So it's four bars, alternating Bm and Gm6, with the chord changes on the first beat of each bar.

Yeah, I should have said the 1st Gm6 and the 2nd Bm. What I mean is that I think there are less than 4 beats between Find and You. But I'm only playing it in my head. I'll listen to the recording tomorrow.

rick-slo 02-20-2019 12:04 AM

Fret the Gm6 with 2nd, 3rd and 4th fingers.

On chord changes focus where the finger for the lowest note is going - for Bm that will be the 1st (index) finger and for the Cm6 that will be the 2nd (middle) finger.

On short order the other fingers used for the chords will follow along obediently.

Excruciatingly slow practice is not the answer for everything. Sometimes it is a handicap if the way you are playing slowly is not the best for playing at tempo.

Guitars+gems 02-20-2019 08:40 PM

Quote:

Originally Posted by rick-slo (Post 5984966)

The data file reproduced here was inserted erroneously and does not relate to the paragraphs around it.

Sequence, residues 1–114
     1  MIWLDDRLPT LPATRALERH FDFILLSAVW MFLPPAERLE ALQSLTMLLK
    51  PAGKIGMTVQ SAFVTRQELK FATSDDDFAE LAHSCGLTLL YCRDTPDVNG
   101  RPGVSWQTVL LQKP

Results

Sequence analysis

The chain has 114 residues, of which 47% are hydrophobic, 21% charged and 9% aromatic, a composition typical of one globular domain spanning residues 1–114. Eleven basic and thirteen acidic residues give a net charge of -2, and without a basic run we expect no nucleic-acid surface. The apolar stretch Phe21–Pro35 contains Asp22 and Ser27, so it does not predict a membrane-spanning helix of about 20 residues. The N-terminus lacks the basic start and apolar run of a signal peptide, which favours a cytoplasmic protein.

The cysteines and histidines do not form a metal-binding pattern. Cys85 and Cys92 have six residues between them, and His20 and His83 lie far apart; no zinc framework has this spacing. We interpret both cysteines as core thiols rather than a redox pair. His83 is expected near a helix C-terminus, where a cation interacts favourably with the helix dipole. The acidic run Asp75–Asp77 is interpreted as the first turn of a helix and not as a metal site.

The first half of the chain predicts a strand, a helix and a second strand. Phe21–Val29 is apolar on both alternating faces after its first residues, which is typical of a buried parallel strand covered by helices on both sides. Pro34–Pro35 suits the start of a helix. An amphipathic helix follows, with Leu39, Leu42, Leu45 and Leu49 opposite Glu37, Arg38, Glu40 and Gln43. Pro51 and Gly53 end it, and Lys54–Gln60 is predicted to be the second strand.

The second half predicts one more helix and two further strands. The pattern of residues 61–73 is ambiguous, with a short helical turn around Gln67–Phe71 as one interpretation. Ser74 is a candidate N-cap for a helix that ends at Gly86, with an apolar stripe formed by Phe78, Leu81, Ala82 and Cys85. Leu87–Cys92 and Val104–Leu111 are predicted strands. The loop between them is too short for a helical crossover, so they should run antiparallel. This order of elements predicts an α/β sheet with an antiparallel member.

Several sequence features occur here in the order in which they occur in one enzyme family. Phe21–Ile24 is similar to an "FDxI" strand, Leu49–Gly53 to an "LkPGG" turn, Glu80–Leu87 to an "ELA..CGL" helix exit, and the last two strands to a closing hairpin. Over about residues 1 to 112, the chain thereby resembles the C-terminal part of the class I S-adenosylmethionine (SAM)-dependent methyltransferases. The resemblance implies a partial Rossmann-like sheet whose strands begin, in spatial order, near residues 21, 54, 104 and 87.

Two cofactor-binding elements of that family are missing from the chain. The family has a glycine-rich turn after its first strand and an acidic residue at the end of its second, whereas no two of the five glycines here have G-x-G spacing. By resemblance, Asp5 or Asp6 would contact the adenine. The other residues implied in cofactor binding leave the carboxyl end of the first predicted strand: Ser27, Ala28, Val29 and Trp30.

Fret the Gm6 with 2nd, 3rd and 4th fingers.

On chord changes focus where the finger for the lowest note is going - for Bm that will be the 1st (index) finger and for the Cm6 that will be the 2nd (middle) finger.

On short order the other fingers used for the chords will follow along obediently.

Excruciatingly slow practice is not the answer for everything. Sometimes it is a handicap if the way you are playing slowly is not the best for playing at tempo.

Thank you, Rick. This is very helpful. The 2nd finger leading on the Gm6 makes the shift to Bm happen with less thought. I'll keep on with it.

agfsteve 02-20-2019 09:04 PM

Quote:

Originally Posted by rick-slo (Post 5984966)
Fret the Gm6 with 2nd, 3rd and 4th fingers.

Quote:

Originally Posted by Guitars+gems (Post 5985863)
Thank you, Rick. This is very helpful. The 2nd finger leading on the Gm6 makes the shift to Bm happen with less thought. I'll keep on with it.

I actually find it quite a bit easier to fret the G on the low E string with my thumb.